Marilyn in the news

Monday, February 28, 2011

Dearly Departed Jane Russell

I'm really sad to see this news today.  Jane was a good friend to Marilyn.  You can listen to one of my favourite podcasts that was dedicated to Jane  HERE.

The actress, whose career was launched by Howard Hughes and his film "The Outlaw," was 89.

Jane Russell, whose voluptuous good looks won the attention of Howard Hughes and launched her on a movie career, has died. She was 89.
Generally cast in fluff films like 1943’sThe Outlaw that showed off her well-endowed beauty, Russell reached the pinnacle of her career with Gentlemen Prefer Blondes (1953), starring in the comedy with Marilyn Monroe.
During the 1970s, Russell was widely recognized as the spokesperson for Playtex bras, appearing in national TV commercials for the “Cross Your Heart” bra campaign.
Although best known for her figure, Russell showed a comic sensibility inGentlemen Prefer Blondes and again with Gentlemen Marry Brunettes (1955) and The Revolt of Mamie Stover (1956). Nevertheless, most of her movie roles were designed around her towering physicality and frontal amplitude. Soft-spoken and well-regarded, Russell received the Women’s International Center Living Legacy Award in 1989.
Ernestine Jane Geraldine Russell was born on June 21, 1921, in Bemidji, Minn. Her father was a U.S. army lieutenant and her mother was an actress who performed with a traveling troupe. When she was a child, the family moved to California, where she studied piano and acting. After high school, Russell worked as a chiropodist’s receptionist and modeled and studied acting at Reinhardt’s Theatrical Workshop.
Rather than her thespic talents, it was her 38-inch bust line that came to the attention of Hughes, who was a major stockholder in RKO and was conducting a nationwide hunt for the leading-lady role in his film The Outlaw. On a visit to the doctor’s office where she held down her day job, Hughes noticed her figure and insisted that she enter his contest. Russell won the contest and the starring role in the film.
As part of the “opportunity,” she was subjected to what many regarded as vulgar publicity. Nevertheless, she handled it with aplomb, proving there was more to her than met the eye. The movie itself was a bizarre twist on the saga of Billy the Kid, where Russell played a Latin charmer who entices Billy.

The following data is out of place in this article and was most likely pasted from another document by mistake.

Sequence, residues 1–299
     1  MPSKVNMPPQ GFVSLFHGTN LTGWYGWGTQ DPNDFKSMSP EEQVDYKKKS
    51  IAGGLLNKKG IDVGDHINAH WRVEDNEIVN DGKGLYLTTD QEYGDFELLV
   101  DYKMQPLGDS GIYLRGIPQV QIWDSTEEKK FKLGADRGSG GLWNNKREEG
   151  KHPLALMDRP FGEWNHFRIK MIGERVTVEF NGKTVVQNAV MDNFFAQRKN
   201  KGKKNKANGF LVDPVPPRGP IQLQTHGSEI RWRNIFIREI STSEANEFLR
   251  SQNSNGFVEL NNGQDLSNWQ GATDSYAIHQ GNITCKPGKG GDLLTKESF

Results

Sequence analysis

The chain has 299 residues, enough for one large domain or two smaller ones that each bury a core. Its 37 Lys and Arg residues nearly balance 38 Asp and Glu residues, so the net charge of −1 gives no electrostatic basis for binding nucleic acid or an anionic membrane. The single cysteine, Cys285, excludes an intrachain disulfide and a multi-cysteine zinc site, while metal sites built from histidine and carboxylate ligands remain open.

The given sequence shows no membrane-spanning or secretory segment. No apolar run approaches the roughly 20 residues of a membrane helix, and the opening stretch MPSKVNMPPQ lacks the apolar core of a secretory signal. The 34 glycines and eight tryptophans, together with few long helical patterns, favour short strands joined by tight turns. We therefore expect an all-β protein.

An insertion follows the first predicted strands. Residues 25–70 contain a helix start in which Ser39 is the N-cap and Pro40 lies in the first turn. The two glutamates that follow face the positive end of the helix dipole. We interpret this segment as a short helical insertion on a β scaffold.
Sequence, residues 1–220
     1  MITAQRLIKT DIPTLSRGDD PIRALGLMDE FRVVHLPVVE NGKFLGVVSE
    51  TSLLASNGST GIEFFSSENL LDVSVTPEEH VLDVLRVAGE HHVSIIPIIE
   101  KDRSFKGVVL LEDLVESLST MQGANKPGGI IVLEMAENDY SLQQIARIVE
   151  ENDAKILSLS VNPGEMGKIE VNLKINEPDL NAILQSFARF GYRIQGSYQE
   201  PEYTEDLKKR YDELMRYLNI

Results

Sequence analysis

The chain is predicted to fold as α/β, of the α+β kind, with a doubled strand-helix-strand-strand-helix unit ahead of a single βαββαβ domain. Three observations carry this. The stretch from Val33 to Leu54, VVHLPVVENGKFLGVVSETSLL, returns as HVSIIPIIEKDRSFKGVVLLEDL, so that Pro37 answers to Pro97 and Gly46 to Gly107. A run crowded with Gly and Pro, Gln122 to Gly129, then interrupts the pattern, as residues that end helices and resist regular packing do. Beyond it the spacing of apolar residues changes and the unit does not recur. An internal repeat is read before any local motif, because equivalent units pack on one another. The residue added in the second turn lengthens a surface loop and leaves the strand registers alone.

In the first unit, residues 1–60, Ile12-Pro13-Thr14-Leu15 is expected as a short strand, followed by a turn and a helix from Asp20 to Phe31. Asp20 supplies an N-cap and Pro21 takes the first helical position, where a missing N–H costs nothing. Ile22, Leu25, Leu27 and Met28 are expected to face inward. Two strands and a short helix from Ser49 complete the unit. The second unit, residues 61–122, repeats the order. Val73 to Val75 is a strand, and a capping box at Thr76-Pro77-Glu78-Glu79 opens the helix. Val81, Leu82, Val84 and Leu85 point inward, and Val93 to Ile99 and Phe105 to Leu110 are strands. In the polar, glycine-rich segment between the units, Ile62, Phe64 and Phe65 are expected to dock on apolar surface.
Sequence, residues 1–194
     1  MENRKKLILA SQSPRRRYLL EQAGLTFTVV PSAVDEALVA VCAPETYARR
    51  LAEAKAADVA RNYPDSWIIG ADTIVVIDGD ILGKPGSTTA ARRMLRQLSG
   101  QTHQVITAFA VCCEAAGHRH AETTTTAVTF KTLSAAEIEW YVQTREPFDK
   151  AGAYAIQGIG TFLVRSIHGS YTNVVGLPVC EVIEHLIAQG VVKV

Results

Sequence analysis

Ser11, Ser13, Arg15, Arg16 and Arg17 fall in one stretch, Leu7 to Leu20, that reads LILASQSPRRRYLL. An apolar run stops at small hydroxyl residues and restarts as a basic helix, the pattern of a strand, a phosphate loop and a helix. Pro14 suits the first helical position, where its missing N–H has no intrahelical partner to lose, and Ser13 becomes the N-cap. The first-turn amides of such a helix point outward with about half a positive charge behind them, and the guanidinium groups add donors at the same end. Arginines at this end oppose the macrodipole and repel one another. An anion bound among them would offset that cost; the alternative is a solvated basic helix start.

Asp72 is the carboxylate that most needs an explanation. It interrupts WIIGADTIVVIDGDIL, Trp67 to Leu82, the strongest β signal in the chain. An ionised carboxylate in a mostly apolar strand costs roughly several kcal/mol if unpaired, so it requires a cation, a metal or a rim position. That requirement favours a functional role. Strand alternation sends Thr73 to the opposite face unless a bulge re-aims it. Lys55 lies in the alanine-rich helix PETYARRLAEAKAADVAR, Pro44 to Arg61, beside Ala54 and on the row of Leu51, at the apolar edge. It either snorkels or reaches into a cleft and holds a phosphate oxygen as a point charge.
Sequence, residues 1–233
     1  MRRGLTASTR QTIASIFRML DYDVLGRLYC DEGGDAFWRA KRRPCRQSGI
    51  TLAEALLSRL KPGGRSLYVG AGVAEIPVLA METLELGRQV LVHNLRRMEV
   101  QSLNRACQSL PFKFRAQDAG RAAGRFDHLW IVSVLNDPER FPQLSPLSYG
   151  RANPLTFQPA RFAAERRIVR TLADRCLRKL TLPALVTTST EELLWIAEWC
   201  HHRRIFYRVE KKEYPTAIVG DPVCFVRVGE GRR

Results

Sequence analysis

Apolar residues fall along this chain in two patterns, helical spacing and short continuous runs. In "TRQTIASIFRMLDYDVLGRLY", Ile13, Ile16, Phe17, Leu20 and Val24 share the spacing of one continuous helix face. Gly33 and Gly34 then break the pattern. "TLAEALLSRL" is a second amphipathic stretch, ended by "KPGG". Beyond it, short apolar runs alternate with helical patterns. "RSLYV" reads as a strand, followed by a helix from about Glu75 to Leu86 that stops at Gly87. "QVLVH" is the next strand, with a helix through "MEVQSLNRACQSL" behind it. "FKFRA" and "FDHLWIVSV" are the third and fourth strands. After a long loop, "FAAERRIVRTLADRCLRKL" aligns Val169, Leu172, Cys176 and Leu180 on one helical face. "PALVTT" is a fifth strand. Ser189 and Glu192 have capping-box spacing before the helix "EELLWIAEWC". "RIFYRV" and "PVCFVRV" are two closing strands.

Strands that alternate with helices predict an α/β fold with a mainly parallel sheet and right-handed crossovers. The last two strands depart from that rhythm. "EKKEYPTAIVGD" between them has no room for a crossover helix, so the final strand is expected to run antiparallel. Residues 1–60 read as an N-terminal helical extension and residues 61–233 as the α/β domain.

Hughes and his publicity team spared no expense in her buildup, and she was featured as a cheesecake pinup that was distributed to G.I.’s. Her figure also made it to other fronts, to the cover of numerous fan and movie magazines. The whole promotional enterprise, highlighting her bust size, was notorious for the day and decidedly risqué. In fact, upon its completion, the movie itself was considered too “hot” and controversial. Further, it did not meet the censorial standards of the Production Code. Such censure, of course, only increased public awareness and wetted the public’s appetite for the film.
Although shot in 1941, The Outlaw was not released until two years later, and then only in a few theaters. Finally, in 1946, it was released nationally and was a box-office smash, with many viewers flocking to see Russell’s “performances.” Airplane designer Hughes even designed a special “cantilever bra” for Russell to ensure proper handling of her “assets” during the filming, but she claimed not to have worn it for the movie.
In the wake of the widespread clamor and success of The Outlaw, Russell’s next film, a soap-opera type entertainment titled Young Widow, was released soon on the heels of The Outlaw. It piggybacked on her hot reputation and was also a financial success for Hughes.
Since Russell had signed a seven-year contract with Hughes, she was at his mercy as far as casting, and he only placed her in RKO pictures that capitalized on her looks. Usually, she played the role of a worldly “dame,” playing in cheesecake-type films and musicals like His Kind of Woman (1951) and The Las Vegas Story (1952). Most sensational perhaps among these was her performance in The French Line (1954), where she performed a sexy dance number in a tiny costume. The film also was in 3D.
Fortunately, she was eventually loaned out from RKO to Paramount, which allowed her to display more of her talents. She won respect for her performance opposite Bob Hope in The Pale Face. After appearing in The Fuzzy Pink Night Gown (1957), which tanked at the box office, Russell took a hiatus from films and did not act again until 1964, when she performed inFate Is the Hunter. She only acted in three more films during the ’60s: Her final film of the decade was Born Losers (1967), a biker movie starring Tom Laughlin. She last appeared inDarker Than Amber (1970).
Moving away from the shackles of the kind of movie role that was offered her, Russell widened her repertoire. In 1971, she replaced Elaine Stritch on Broadway in the musical Company.
She married Los Angeles Rams football star Bob Wakefield in 1943, a union that lasted until 1968. Her second husband, Roger Barrett, died less than three months after their marriage. In recent years, Russell lived in the Santa Barbara area, where she was active in numerous charities.